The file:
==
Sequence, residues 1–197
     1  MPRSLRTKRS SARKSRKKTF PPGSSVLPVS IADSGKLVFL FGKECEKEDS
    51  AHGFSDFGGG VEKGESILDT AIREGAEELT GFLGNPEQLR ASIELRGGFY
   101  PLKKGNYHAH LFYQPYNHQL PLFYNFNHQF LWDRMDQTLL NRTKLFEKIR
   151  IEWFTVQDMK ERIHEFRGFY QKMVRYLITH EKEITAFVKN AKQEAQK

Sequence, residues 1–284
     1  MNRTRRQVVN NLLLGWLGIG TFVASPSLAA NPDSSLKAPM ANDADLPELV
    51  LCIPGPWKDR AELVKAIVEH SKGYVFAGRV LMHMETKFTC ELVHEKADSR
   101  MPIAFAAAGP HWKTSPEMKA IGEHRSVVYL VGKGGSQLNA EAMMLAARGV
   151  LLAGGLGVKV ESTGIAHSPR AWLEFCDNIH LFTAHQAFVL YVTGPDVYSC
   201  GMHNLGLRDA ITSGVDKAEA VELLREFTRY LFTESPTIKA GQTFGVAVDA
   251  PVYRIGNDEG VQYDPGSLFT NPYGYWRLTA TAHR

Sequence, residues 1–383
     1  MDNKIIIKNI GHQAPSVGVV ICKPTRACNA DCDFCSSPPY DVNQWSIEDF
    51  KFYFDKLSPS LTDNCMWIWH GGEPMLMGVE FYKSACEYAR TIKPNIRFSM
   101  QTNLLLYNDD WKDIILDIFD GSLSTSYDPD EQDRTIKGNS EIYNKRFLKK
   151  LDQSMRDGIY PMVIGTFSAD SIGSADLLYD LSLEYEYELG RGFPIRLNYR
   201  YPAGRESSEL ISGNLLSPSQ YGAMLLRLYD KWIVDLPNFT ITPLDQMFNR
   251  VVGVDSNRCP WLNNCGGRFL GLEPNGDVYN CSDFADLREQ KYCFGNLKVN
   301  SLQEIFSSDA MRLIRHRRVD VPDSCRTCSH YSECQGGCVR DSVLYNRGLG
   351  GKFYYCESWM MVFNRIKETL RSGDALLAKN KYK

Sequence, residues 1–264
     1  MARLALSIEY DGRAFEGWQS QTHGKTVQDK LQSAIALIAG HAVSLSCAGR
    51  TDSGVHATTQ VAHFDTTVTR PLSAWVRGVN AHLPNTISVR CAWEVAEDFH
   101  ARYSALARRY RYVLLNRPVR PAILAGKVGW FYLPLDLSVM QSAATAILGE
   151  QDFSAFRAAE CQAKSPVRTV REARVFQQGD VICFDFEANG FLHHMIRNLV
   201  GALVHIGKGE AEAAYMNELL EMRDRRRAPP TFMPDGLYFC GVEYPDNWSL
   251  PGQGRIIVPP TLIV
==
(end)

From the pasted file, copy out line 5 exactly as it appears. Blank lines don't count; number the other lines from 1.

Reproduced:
   151  IEWFTVQDMK ERIHEFRGFY QKMVRYLITH EKEITAFVKN AKQEAQK